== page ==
AGM Season 2023 - Finding a way through the rabbit warren

According to Chinese tradition, 2023 - the year of the Rabbit - should be calm and gentle. If you’re a Remco Chair, then you might be hoping fervently that this applies to the upcoming AGM season. In reality, you might just need more than the lucky rabbit, and you’ll definitely need a level-headed approach.

It’s always going to be a bit of a tightrope being the Chair of a Remco, but in a year where there is a backdrop of increasing energy bills, rising inflation and higher interest rates, any decisions that result in even the perception of handing a disproportionate share of the rewards to executives, is at best going to seem insensitive, and at worst, tone deaf. Remco Chairs will want to make sure decisions on all pay outcomes stand up to scrutiny and are explained with the highest levels of clarity.

When it comes to assessing performance, metrics cautiously set three years ago in 2020 just as a period of huge uncertainty was about to unfold, could now risk being perceived as “too soft”, particularly if the business has fared better than expected. This comes alongside calls to shave back vesting outcomes that have arisen due to “windfall gains” where grant sizes in 2020 were not cut back despite falls in the share price, deferring the decision instead to the time of vesting. Untangling how much is actually “windfall” will need to be distinguished from genuine business success. Businesses that received government support, will especially need to ensure solid grounds for LTIP pay-outs that appear to be out of kilter with the experience of the rest of the workforce.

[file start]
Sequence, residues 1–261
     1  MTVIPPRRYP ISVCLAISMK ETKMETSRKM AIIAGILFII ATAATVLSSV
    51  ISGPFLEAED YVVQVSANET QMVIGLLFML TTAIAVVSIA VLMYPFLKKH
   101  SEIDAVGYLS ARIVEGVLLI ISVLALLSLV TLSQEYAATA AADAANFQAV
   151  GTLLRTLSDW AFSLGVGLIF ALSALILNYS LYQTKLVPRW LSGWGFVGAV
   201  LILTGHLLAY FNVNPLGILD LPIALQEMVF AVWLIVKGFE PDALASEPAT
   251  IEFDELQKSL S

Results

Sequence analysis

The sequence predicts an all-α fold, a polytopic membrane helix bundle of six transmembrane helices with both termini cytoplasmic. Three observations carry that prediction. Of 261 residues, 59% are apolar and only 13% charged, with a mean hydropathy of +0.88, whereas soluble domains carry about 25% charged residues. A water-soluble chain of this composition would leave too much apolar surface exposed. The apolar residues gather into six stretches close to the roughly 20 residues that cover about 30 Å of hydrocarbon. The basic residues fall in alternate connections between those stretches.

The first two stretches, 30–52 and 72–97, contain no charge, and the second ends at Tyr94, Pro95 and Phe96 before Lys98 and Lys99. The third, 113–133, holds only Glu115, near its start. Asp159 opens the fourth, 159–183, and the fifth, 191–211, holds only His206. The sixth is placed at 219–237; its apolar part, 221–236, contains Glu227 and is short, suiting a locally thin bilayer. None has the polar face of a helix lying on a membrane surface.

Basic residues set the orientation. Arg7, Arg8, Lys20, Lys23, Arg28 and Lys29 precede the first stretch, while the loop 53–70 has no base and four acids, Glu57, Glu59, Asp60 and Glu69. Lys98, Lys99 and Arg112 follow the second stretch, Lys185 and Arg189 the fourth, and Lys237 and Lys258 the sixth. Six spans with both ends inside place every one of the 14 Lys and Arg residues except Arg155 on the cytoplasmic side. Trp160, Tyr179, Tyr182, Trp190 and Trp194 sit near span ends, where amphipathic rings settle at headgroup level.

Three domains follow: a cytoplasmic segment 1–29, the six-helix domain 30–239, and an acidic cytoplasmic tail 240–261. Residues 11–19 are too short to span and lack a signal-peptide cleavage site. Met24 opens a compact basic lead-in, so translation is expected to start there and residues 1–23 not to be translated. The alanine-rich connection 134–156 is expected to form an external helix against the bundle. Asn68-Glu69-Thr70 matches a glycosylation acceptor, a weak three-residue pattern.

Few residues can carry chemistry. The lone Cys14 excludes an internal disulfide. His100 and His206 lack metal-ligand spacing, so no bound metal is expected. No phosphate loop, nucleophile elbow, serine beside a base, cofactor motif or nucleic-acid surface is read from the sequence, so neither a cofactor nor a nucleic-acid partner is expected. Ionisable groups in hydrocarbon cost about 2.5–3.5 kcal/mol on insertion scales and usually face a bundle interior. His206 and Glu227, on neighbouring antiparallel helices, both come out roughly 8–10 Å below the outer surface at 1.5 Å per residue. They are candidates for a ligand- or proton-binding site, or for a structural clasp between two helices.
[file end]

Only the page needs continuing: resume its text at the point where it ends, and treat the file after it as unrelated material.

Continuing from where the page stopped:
Executives that took pay cuts during the pandemic may feel more than a tinge of frustration, when they might now be expecting some pay-back for their efforts in pulling the business through a tough period at personal expense. And given the current economic climate, investors also expect executive base pay increases for 2023 to be below general workforce pay increases. This feels right, but Remcos will be acutely aware of the competition for talent from Private Equity and US organisations and may face a dilemma.

If Remco Chairs are feeling the need to tread carefully, they will want to demonstrate they have applied sound judgement, clearly mapping out the process in reaching decisions, particularly where discretion has been applied, whilst considering the wider business, societal and shareholder concerns.

Coupling this “look-back” with the fact that 2023 is a year when many companies seek to bring their “forward looking” Remuneration Policy back to a binding shareholder vote, it’s going to be more important than ever to articulate the company’s thinking in the areas where there will be intense scrutiny, and most Remco Chairs will already have been considering these for some time.

So, with all of that in mind, ahead of the 2023 AGM season, below is a reminder of the substantive changes relating to remuneration, for the main Investor Guidelines, namely those of The Investment Association, and the Proxy Advisors; ISS and Glass Lewis.

It’s worth noting that ISS is increasingly influential for the FTSE, particularly given international levels of ownership – last year, for the FTSE 100, approximately 80% of companies who received an “Against” recommendation went on to experience a significant vote against (i.e. <80% support) *. This compares to 36% of companies who were red-topped by IVIS (part of the Investment Association (IA) – though the IA is still very influential in setting expectations for pay practices.

*Source: PwC: 2022 End of Season AGM Update, November 2022